PhD Defence – Johanna B. Stumpf

On October 11th 2018, Johanna Beate Stumpf from the University of Oslo defended her dissertation for the degree of Ph.D. The title of the thesis was “Virtually Timed Ambients: A Calculus for Resource Management in Cloud Computing”. The adjudication committee was Professor Uwe Nestmann (Electrical Engineering and Computer Science, Technische Universität Berlin), Associate Professor Anna Philippou, (Department of Computer Science, University of Cyprus) and Associate Professor Jon Henrik Forssell (Department of Informatics, University of Oslo). Johanna was supervised by Professor Einar Broch Johnsen and Professor Martin Steffen. Her work looked at developing a method of formally modelling analysing the behaviour of processes running on virtual machines running on a cloud computing.

Cloud computing is a paradigm of distributed computing in which users share resources by storing data and executing processes in common data centres. A key factor for the success of this paradigm is virtualization technology, which represents the resources of an execution environment as a software layer, a so-called virtual machine. Virtualization allows sharing of existing hardware and software resources, improves security by providing isolation of different users who share the same resource, and enables dynamic assignment of resources according to the demands of the user. This sharing of resources creates business drivers which make cloud computing an economically attractive way to deploy software.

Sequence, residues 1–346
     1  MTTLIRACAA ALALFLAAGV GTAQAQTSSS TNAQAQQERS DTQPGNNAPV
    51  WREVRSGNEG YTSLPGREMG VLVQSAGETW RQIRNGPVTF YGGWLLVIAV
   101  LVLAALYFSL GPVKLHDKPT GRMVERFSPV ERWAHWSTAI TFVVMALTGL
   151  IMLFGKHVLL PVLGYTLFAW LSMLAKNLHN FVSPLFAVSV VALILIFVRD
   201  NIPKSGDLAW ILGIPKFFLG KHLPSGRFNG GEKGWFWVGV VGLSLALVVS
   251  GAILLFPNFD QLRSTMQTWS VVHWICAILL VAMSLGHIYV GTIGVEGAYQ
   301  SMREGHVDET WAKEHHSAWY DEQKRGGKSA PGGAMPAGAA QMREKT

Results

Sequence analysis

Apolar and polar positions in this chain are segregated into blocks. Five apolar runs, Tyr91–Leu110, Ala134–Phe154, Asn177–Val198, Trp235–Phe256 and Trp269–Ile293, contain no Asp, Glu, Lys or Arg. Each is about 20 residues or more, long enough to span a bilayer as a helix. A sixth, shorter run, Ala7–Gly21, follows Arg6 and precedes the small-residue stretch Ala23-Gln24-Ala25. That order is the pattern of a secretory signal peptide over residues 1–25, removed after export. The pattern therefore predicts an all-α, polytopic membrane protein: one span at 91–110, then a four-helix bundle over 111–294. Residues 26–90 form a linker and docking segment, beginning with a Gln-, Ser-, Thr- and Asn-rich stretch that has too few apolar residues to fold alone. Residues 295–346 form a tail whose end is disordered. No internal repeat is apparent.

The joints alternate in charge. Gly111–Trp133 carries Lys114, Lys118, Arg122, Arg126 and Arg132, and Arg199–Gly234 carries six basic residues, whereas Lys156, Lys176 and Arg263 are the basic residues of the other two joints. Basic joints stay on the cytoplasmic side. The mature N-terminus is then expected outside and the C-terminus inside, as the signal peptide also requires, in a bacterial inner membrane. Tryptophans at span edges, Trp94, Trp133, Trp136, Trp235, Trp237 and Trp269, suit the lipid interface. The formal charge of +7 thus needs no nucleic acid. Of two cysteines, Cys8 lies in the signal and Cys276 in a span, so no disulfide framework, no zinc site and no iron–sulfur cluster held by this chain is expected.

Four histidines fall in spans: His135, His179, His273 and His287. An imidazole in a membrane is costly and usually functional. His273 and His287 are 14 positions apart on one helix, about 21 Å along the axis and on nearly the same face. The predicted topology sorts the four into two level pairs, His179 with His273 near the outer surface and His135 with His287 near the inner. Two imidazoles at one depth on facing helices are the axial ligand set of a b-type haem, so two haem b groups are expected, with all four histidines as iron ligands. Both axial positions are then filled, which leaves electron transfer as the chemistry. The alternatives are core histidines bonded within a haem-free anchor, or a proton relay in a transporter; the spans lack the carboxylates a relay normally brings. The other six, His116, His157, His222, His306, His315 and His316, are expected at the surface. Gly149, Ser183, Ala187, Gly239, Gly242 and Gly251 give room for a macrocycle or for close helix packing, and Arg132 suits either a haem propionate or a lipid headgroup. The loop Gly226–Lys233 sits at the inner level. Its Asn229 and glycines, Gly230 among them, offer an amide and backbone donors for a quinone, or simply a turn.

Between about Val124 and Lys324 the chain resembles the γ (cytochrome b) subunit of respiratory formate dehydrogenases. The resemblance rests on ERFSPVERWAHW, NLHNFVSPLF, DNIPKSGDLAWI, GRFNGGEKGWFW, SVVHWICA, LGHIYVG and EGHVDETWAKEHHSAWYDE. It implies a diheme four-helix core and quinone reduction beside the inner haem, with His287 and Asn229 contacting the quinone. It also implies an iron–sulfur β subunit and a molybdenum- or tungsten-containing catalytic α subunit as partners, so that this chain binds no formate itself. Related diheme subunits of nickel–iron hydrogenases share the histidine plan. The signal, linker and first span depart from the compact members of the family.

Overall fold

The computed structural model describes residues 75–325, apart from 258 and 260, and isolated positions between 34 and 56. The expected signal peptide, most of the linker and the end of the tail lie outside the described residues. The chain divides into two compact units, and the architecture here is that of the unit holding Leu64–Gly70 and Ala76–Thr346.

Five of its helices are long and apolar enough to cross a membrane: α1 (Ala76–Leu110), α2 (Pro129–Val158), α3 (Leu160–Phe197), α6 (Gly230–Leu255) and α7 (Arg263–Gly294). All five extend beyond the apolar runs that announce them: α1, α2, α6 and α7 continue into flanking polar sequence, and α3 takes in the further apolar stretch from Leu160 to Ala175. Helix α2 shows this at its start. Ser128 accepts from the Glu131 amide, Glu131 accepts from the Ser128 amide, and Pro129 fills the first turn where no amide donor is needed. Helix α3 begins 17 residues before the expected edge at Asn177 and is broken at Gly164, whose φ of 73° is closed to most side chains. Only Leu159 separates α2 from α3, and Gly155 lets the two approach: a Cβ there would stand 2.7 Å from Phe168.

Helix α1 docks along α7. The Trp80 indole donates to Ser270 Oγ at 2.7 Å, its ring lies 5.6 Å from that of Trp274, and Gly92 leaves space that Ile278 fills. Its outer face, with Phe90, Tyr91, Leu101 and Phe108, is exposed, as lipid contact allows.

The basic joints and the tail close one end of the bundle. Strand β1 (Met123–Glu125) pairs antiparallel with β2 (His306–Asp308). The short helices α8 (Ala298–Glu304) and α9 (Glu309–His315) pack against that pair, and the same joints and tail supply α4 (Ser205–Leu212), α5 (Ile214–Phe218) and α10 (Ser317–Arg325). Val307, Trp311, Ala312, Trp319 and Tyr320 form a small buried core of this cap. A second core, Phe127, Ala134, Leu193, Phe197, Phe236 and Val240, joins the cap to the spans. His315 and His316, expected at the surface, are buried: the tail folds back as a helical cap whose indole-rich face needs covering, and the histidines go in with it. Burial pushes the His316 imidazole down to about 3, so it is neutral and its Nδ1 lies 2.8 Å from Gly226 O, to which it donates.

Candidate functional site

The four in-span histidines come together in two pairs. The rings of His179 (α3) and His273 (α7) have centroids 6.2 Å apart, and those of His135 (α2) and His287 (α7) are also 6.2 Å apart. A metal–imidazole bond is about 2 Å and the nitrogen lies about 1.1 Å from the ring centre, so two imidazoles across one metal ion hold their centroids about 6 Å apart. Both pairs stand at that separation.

Johanna introduces the calculus of virtually timed ambients: a formal model of hierarchical locations for execution with explicit resource provisioning. This calculus is based on the well-known calculus of mobile ambients and is motivated by the use of nested virtualization in cloud computing applications. The investigation of cloud computing from the point of view of process calculi provides a formal specification of the subject, which is necessary in order to develop executable models for analysis and optimization.

The main contributions of the work are the definition of the calculus of virtually timed ambients, and the reasoning about its essential characteristics. In order to enable static analysis, we enhance the calculus with a type system. Furthermore, she defines a modal logic and a corresponding model checker, which is deployed in the definition of resource-awareness of virtually timed ambients, enabling dynamic self-management of processes. Lastly, she presents virtually timed ambients as a framework to analyse virtualization in cloud computing utilizing a prototype implementation. All concepts are illustrated by examples.